Octaman (1971)

Rating:

USA. 1971.

Crew

Director/Screenplay – Harry Essex, Producer – Michael Kraike, Photography – Robert Caramico, Music – Post Production Associates, Octaman Costume – Rick Baker & Doug Beswick. Production Company – Filmers Guild

Cast

Kerwin Mathews (Dr Rick Torres), Pier Angeli (Susanna), Jeff Morrow (Dr John Willard)


Plot

Marine biologist Rick Torres is conducting research on the seafood diets of villagers in a remote part of Mexico. While doing so, he and his assistants discover a new type of octopus and Torres believes that it is an important prehistoric link. The villagers then report seeing a humanoid octopus creature. Torres is unable to convince his superiors to fund an expedition and so instead obtains backing from the carnival showman Johnny Caruso who wants to capture and display the octaman. However, as they set out to capture the octaman, it develops a fixation on Rick’s fiancee Susanna.


Rather than some kind of cephalopod, Octaman should really be considered a dinosaur. In the 1970s when it was made, the type of film that Octaman was trying to be – a 1950s atomic monster movie – had died off. The monster movie genre was starting to concern itself with nature turning against humanity in films like The Birds (1963), Willard (1971), Frogs (1972) and a great many imitators of these and then a few years later killer leviathans following the mega-success of Jaws (1975). Amidst these, Octaman was a throwback. Certainly, to the film’s credit, while invoking atomic mutations, it does also throw this in alongside discussions on pollution and recycling.

In trying to copy the 1950s monster movie, the producers went and actually obtained the services of one of the writers of two classic 1950s sf/horror movies – Harry Essex. Essex wrote a number of Westerns and film noir thrillers during the 1940s and 50s, as well as an earlier mad scientist film Man Made Monster (1941) and had made his debut as a director with the Mickey Spillane adaptation I the Jury (1953). However, Essex is most famously known as the co-writer of It Came from Outer Space (1953) and The Creature from the Black Lagoon (1954), both of which are respectively formative classics of the 1950s alien invader and monster movie. Although, despite an eminent background in the 1950s, one suspects that the success of these films is due to reasons other than Essex – It Came from Outer Space was famously rewritten from a detailed treatment by Ray Bradbury, while The Creature from the Black Lagoon is a fairly standard monster movie on a script level but gains all its effect from Jack Arnold’s atmospheric direction.

Certainly, in his two genre outings as a director, with Octaman and the alien invader film The Cremators (1972), Harry Essex produced two films that have only been remembered by those who laugh at bad films. Indeed, in Octaman, all that Essex seems to have done is recycle his plot from The Creature from the Black Lagoon – scientists go hunting a creature in the South American jungles and rivers where it turns around and starts to hunt them, even develop a lust for the token woman of the expedition. When it comes down to it, the creature is interested in nothing other than abducting the heroine – which it does not once, but twice. Essex has also thrown in other cliche characters like the huckster carnival showman who has been appropriated from Robert Armstrong’s Carl Denham in King Kong (1933).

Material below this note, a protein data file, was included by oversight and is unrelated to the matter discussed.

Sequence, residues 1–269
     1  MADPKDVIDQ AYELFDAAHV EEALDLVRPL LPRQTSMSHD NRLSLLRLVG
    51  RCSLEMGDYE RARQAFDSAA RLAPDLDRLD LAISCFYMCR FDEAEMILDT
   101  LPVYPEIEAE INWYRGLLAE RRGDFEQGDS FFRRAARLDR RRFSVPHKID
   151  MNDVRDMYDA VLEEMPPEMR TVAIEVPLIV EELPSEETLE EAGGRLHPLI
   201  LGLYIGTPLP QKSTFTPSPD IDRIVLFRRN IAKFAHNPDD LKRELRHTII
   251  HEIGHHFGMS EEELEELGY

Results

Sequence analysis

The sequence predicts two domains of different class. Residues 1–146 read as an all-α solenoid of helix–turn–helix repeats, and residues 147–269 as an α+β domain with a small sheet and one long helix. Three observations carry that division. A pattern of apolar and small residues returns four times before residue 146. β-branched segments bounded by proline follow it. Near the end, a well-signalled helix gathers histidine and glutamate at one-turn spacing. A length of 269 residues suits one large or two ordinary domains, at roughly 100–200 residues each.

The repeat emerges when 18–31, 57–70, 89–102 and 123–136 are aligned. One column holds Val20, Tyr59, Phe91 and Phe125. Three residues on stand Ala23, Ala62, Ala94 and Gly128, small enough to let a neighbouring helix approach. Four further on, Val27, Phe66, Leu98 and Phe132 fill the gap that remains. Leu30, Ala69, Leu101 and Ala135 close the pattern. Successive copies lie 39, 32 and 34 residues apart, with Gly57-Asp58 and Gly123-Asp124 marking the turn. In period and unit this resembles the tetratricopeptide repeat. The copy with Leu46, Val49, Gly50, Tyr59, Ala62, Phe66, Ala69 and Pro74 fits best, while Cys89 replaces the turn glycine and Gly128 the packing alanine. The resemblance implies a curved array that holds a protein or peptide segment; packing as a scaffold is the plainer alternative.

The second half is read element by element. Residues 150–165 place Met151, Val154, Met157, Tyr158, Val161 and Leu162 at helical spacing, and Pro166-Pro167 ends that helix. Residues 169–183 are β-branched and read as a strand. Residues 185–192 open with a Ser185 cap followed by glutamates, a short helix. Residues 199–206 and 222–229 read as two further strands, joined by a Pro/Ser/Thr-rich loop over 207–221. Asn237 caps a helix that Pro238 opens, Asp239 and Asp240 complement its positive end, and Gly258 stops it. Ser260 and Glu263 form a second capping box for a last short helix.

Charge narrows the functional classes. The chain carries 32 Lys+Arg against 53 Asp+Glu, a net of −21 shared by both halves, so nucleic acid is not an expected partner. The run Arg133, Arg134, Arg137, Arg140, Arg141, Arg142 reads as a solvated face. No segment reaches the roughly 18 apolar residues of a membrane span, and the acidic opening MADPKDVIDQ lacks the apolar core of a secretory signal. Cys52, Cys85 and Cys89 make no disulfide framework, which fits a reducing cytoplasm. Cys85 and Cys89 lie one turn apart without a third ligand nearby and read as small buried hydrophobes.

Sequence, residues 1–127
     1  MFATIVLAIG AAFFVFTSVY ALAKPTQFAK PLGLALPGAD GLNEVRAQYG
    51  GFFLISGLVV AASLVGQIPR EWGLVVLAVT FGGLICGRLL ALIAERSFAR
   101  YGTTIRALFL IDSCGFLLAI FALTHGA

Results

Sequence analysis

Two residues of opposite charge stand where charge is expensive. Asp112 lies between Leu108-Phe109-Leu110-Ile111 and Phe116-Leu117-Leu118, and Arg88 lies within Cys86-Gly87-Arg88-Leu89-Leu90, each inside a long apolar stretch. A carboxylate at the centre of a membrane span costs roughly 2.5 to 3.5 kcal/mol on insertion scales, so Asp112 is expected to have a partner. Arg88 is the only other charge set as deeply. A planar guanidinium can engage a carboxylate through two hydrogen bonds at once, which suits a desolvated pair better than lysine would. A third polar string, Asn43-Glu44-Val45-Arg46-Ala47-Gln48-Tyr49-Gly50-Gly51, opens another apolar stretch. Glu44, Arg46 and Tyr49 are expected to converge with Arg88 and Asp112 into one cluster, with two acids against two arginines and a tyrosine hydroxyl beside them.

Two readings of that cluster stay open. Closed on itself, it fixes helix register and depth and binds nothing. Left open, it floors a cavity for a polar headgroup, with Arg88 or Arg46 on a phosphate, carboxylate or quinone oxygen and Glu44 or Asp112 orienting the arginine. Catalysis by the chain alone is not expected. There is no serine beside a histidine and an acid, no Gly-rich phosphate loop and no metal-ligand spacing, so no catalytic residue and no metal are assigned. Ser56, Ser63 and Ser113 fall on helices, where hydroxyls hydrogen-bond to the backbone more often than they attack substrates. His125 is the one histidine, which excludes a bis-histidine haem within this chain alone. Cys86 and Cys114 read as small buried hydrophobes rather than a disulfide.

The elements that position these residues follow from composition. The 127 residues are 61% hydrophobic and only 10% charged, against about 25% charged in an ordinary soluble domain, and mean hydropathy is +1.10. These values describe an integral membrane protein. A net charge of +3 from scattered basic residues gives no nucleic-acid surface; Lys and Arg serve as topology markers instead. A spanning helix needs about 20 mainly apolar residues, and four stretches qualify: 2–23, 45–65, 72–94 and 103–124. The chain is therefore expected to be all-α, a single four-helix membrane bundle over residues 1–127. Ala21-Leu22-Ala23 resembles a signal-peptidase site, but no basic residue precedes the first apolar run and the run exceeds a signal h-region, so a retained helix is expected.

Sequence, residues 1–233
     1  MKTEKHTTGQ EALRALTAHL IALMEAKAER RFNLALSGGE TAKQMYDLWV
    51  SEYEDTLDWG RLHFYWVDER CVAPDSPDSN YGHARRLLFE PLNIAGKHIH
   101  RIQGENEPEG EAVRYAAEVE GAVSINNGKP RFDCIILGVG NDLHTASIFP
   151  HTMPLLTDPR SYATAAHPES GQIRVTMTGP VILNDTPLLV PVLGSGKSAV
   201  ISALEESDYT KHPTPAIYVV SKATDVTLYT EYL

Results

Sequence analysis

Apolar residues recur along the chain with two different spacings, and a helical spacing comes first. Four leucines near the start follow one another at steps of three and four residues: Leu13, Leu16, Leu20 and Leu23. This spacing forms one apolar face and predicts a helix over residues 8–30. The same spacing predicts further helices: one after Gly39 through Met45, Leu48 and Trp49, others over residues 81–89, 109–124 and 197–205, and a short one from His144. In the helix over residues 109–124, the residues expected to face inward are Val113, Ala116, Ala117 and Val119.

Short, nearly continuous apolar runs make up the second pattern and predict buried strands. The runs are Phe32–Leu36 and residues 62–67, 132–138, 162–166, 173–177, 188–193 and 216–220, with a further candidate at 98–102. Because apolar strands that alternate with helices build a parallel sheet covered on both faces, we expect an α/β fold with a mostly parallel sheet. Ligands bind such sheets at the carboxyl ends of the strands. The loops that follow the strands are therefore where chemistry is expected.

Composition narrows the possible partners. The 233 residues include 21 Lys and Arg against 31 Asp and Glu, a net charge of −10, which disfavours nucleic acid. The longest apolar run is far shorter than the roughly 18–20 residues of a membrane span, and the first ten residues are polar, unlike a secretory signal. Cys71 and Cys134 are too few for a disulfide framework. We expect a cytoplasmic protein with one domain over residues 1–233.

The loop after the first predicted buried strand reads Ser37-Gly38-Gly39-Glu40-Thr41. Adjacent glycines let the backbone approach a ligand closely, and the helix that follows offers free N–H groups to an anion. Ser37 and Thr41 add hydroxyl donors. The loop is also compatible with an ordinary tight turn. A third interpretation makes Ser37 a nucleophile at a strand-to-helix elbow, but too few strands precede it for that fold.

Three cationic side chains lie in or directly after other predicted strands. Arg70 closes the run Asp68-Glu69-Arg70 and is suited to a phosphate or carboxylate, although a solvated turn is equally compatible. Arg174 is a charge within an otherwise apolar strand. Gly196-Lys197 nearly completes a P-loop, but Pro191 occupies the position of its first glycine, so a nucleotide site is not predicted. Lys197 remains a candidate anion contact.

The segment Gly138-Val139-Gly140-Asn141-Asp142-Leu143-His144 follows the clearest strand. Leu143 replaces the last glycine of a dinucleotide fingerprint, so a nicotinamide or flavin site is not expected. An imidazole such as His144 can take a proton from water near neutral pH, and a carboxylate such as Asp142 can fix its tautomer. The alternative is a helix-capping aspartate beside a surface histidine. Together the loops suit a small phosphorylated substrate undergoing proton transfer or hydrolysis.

Octaman was the first screen credit of Rick Baker, later to become one of the top makeup effects artists in Hollywood with the creation of the title beings in King Kong (1976), An American Werewolf in London (1981), Greystoke: The Legend of Tarzan, Lord of the Apes (1984), Harry and the Hendersons (1987) and The Nutty Professor (1996) to name but the most famous of his works. His Octaman creation has an undeniable cheesy effectiveness and is certainly one of the best things about the film. Sadly, the film surrounding Rick Baker’s creation is tedious. The octaman never does a whole lot for most of the film excepting stand around in rivers swinging its tentacles. Even when it starts killing people, still nothing much happens.

And then there are parts of the film that are just downright laughable. Like the scene where the heroes manage to surround the creature out in the open air with a circle of flames about 30 feet in diameter and then Kerwin Matthews proclaims: “Keep away from him, Steve. The fire’ll burn up all the oxygen around him” (as though an open-air fire exists in a vacuum and is not capable of pulling in oxygen from anywhere else around). The most tedious part of the film is where the characters become trapped in a series of caverns while pursing the octaman. These scenes become bogged down in tired cliches about the party running out of air and having to traverse a narrow defile in order to escape, which fail simply because Essex does nothing to make it in any way look like the party happen to be in a series of caves. And then there is the biologically absurd notion of an octopus haunting fresh water rivers rather than salt-water oceans where they are usually found.

Harry Essex goes to shoot in Mexico and casts locals as his extras – even so though, the film still manages to cast Latin Americans as the equivalent of movie American Indians, who all speak in pidgin English without using any articles. If Octaman were not so dull, it would be laughably terrible.


Film online in several parts beginning here:-


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